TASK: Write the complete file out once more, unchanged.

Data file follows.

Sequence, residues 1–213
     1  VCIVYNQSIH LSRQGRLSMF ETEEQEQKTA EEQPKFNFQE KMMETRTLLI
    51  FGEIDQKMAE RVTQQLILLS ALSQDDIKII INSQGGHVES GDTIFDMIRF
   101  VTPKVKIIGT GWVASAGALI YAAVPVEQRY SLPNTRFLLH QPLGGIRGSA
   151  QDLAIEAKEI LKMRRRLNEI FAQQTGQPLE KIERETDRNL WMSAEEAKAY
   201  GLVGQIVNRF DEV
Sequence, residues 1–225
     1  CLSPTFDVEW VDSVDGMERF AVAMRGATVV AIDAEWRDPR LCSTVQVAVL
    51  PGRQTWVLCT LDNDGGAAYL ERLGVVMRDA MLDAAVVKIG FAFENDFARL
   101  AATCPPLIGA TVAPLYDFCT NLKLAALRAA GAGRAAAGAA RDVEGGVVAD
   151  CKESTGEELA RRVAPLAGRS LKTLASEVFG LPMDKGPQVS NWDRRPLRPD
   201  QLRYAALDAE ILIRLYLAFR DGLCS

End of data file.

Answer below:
Sequence, residues 1–213
     1  VCIVYNQSIH LSRQGRLSMF ETEEQEQKTA EEQPKFNFQE KMMETRTLLI
    51  FGEIDQKMAE RVTQQLILLS ALSQDDIKII INSQGGHVES GDTIFDMIRF
   101  VTPKVKIIGT GWVASAGALI YAAVPVEQRY SLPNTRFLLH QPLGGIRGSA
   151  QDLAIEAKEI LKMRRRLNEI FAQQTGQPLE KIERETDRNL WMSAEEAKAY
   201  GLVGQIVNRF DEV
Sequence, residues 1–225
     1  CLSPTFDVEW VDSVDGMERF AVAMRGATVV AIDAEWRDPR LCSTVQVAVL
    51  PGRQTWVLCT LDNDGGAAYL ERLGVVMRDA MLDAAVVKIG FAFENDFARL
   101  AATCPPLIGA TVAPLYDFCT NLKLAALRAA GAGRAAAGAA RDVEGGVVAD
   151  CKESTGEELA RRVAPLAGRS LKTLASEVFG LPMDKGPQVS NWDRRPLRPD
   201  QLRYAALDAE ILIRLYLAFR DGLCS